Wood dust from pine beetle killed timber is just one of the factors being investigated in the Babine Forest Products and Lakeland Mill tragedies, however this month, WorkSafe B.C. released a 395 page report solely focussed on safely dealing with workplace wood dust accumulation.
The report zeros in on the best practices to deal with wood dust build up and details housekeeping standards, equipment to combat wood dust and includes examples of current industry practices from several sawmills.
The explosions in Burns Lake and Prince George sawmills prompted a series of follow up actions by industry and government and according to WorkSafe B.C., one key step is to focus on industry practices for wood dust.
WorkSafe B.C. advises minimizing the use of compressed air for clean up as airborne wood dust can explode when coming into contact with any potential ignition sources.
The report also notes that wood dust, will most likely be found in areas that requires sawmill clean up crews to work at heights, including attics, conduit and pipe racks, cable trays and on top of equipment.
Ventilation systems should also be regularly assessed for dust build up.
WorkSafe B.C. say there is five elements necessary to initiate a dust explosion; combustible dust, an ignition source, oxygen, dispersion of dust particles and confinement of the dust cloud.
If one of the five elements is missing, an explosion cannot occur.
Typical ignition sources in sawmills include electrical equipment, static electricity, hot work such as welding or flame cutting, Hilti guns, lighting, metal tools, smoking or open flames and compressors.
According to Interfor [International Forest Products] many of the dust control measures undertaken in sawmills have limitations.
Water misters and sprinklers on log decks are limited to seasonal use due to water freezing issues in winter, roof and wall fans are ineffective in large areas, blow downs are a slow and labour intensive process that doesn’t remove dust, but rather moves it to lower levels and also increases atmospheric dust and dust collection systems require a capital investments and are not an absolute fix to the problem.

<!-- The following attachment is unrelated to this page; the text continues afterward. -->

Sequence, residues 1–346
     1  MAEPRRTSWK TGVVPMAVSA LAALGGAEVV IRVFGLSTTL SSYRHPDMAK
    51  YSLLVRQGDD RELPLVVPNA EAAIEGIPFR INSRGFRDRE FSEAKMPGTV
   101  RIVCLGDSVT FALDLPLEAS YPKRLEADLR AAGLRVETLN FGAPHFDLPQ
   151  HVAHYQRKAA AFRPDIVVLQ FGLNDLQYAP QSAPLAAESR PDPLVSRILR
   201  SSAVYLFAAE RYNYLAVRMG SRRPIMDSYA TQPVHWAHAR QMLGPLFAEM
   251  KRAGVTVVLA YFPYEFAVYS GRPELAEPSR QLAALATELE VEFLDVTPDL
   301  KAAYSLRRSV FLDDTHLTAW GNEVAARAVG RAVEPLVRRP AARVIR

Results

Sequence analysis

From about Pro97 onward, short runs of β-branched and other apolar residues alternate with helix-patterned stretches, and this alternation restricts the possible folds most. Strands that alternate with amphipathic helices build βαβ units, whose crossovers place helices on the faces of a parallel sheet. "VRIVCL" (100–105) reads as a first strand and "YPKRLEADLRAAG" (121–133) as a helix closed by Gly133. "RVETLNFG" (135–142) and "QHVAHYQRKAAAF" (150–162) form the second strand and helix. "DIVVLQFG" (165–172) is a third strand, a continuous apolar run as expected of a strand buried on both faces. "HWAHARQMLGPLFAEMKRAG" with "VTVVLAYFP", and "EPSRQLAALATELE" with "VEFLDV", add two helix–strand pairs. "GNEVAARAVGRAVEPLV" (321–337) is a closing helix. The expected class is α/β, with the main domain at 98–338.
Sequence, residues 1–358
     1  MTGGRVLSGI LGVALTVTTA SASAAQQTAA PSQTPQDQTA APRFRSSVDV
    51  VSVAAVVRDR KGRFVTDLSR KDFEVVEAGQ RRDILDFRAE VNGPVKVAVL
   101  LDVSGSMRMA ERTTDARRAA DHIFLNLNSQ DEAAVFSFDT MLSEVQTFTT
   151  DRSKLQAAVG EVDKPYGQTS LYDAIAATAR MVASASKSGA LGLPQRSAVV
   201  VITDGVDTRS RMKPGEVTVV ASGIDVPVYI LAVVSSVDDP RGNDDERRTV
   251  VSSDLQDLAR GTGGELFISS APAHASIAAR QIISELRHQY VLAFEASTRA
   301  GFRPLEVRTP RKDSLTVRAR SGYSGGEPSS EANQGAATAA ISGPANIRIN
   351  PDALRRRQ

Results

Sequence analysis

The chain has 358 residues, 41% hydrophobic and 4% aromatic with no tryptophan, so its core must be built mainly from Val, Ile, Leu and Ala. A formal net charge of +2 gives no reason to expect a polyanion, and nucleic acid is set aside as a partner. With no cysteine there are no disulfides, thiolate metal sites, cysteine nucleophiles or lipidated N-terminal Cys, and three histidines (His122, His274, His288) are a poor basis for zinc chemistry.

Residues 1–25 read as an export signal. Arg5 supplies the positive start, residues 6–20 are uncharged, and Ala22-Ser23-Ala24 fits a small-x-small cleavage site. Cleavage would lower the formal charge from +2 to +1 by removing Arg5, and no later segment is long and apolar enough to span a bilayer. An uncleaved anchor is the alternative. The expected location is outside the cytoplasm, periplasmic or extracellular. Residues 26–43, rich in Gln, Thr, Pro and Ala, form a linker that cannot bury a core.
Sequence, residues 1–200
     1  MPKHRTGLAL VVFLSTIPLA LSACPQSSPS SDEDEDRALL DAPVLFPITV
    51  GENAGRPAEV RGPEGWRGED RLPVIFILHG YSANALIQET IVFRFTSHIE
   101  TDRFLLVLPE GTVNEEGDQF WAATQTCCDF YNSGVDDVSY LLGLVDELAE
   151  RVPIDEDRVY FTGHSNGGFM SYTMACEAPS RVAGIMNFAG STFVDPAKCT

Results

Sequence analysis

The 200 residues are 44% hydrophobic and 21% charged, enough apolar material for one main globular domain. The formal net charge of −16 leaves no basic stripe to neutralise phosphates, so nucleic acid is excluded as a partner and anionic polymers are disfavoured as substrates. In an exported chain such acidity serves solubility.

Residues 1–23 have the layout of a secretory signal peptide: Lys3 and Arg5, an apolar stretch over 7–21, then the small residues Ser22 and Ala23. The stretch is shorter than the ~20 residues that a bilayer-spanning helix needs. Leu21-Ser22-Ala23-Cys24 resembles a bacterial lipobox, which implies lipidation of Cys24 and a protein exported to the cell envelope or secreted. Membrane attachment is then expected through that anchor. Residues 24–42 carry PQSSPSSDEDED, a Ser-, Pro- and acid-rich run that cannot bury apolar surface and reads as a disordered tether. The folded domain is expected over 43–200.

Weyerhaeuser, one of the largest paper and pulp companies in the world, report their best practices for housekeeping is to limit dust build up to one-eighth of an inch or less and they use cleaning methods like water washing using wet rags and employing contractors that specialize in industrial vacuums that do not generate dust clouds.
A combustible dust explosion scenario included in the report notes that even a small dust explosion has the potential to quickly lead to a larger one. An initial fire starts when an ignition source contacts dust build up, leading to a fire and small explosion. The shock from this explosion will knock dust off elevated surfaces and the newly airborne, fine dry dust ignites, resulting in an expanding fireball. The smaller the dust particles are, the less energy they take to ignite.
If dust clouds are ignited within confined areas, such as buildings or equipment, dangerous pressures can be generated leading to a catastrophic explosion.
According to a report issued by the Occupational Health Administrator in the U.S. in October 2009, there has been approximately 280 dust explosions and fires at industrial sites across North America in the past 20 years. Those accidents caused 130 fatalities and approximately 780 injuries.
The WorkSafe B.C. investigation into the cause of both the Babine Forest Products and Lakeland Mill tragedies is continuing, with evidence from the sites now sent to three expert labs in the U.S. for testing.
As reported in the Lakes District News edition of May 9, 2012, WorkSafe B.C.’s senior vice president Roberta Ellis said that while wood dust was being investigated as a fuel source, other fuel sources such as natural gas and propane are also being investigated.
A natural gas pipe and valve were seized from the Babine Forest Products site for further testing along with two propane tanks and wood dust samples.